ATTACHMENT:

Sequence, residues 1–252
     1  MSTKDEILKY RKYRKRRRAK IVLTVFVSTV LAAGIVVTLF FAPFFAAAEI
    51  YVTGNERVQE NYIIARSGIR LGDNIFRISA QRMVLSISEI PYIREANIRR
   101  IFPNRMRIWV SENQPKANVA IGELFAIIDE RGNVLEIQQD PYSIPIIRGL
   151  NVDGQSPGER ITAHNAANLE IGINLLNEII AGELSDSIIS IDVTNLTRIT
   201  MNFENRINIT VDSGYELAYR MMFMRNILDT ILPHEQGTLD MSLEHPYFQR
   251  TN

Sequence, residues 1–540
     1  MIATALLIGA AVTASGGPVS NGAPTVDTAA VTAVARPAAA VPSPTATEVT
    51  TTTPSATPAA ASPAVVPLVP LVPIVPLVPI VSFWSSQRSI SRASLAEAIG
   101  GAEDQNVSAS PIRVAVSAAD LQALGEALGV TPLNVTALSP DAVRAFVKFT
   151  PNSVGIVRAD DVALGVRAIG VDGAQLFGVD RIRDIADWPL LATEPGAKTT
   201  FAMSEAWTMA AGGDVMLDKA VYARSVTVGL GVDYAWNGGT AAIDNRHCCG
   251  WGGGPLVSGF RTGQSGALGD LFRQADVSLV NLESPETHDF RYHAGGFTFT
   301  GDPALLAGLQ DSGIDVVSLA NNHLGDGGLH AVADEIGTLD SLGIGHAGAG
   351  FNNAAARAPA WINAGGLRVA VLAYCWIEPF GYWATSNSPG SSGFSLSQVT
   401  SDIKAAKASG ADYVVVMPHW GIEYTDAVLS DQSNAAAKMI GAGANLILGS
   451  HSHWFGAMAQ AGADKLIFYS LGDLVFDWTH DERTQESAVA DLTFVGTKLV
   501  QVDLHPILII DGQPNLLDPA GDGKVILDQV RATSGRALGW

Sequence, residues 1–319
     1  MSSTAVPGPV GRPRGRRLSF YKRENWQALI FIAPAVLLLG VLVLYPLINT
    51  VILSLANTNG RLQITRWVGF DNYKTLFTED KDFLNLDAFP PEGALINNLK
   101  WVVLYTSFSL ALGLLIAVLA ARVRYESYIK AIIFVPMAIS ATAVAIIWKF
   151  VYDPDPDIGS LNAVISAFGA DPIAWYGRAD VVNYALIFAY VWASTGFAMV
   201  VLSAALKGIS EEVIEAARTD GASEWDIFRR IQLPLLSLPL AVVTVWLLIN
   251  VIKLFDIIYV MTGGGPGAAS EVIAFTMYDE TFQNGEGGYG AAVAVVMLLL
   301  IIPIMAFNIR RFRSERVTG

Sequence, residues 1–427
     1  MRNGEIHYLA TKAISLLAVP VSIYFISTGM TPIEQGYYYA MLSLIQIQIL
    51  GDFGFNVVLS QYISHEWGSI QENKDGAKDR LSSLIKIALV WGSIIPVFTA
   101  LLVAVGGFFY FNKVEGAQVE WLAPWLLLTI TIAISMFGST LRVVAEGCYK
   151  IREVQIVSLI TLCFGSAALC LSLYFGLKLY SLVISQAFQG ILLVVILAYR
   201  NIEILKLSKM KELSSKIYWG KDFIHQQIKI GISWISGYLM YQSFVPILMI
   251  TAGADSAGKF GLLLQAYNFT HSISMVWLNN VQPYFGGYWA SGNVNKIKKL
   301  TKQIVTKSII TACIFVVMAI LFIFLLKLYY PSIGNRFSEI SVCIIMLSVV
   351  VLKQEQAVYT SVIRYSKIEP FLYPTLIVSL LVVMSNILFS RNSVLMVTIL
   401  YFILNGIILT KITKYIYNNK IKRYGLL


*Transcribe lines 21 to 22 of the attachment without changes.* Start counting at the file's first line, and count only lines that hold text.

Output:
     1  MSSTAVPGPV GRPRGRRLSF YKRENWQALI FIAPAVLLLG VLVLYPLINT
    51  VILSLANTNG RLQITRWVGF DNYKTLFTED KDFLNLDAFP PEGALINNLK